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We don’t talk anymore — so send me an email
I spend far too much time trying to convince some of my associates that a simple conversation is a much easier way to convey information than typing a letter, especially since the widespread use of e-mails and texting has me reminding many of my friends that the telephone did replace the telegraph in the last century.
What a wonderful thing it must have been when the phone was invented and people could have their exact words heard over long distances almost immediately. This had to be so much better than having to tap dots and dashes in different orders and lengths to spell out words letter by letter, right?
So how come so many people have gone back to communicating telegraph-style instead of by telephone?
You know the type. No matter how many times you tell them to "Pick up the phone!" you just get another text or email reply.
Email is now part of our culture. When I first discovered emails, I figured the technological revolution had brought them along to replace the fax machine which had replaced much of what we used to send by regular mail (or what we call "snail mail" now).
But, unlike faxes, emails are replacing a lot of the communication we used to do over the phone. With long-distance plans making national and international calls so cheap, this makes no sense.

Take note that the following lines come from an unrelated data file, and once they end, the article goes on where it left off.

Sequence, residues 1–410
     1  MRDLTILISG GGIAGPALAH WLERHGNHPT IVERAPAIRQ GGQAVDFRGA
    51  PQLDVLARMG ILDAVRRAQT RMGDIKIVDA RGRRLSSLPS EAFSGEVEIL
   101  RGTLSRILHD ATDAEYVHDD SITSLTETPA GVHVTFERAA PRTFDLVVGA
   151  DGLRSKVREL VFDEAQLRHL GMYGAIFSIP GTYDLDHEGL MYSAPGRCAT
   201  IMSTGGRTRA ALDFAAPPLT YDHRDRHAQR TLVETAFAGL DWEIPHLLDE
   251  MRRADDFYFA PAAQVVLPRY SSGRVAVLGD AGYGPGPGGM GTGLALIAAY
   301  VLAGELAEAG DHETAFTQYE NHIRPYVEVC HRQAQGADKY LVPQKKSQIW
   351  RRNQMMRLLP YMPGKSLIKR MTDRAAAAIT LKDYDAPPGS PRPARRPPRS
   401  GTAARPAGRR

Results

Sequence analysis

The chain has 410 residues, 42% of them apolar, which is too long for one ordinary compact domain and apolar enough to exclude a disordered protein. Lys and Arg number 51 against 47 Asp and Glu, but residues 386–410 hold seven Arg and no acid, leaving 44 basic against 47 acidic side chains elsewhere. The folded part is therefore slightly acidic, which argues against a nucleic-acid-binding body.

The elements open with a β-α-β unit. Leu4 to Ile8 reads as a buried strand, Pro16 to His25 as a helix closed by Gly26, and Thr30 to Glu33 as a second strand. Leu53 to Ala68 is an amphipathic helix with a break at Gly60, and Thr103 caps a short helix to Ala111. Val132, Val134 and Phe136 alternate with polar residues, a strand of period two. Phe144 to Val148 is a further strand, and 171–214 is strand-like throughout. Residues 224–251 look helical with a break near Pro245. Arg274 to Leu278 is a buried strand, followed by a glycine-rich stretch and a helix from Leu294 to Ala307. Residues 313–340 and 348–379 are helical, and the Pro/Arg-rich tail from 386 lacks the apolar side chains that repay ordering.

How often do you receive emails asking you a whole bunch of questions which require a two-page, typed response to answer fully?
Folks like me, who type for a living, wonder why these people don’t simply pick up the phone so we can discuss these matters efficiently?
This is especially silly when I receive an email from a colleague requesting a meeting. Rather than checking each other’s availability in one phone conversation, we go back and forth by e-mail suggesting times and places until they match.
The worst consequence of this tendency to put things in writing is that we often find ourselves being asked to do just that when dealing with what should be a very simple matter. What used to be the exclusive purview of lawyers and bureaucrats has become a requirement from friends and family. In other words, "Can you send me an email on that?" is a euphemism for "Can you put that in writing?"
Computers have modernized our homes to the extreme. But we went backwards on this whole email deal.
Don Marks is a community correspondent for Osborne Village. You can reach him at firstname.lastname@example.org
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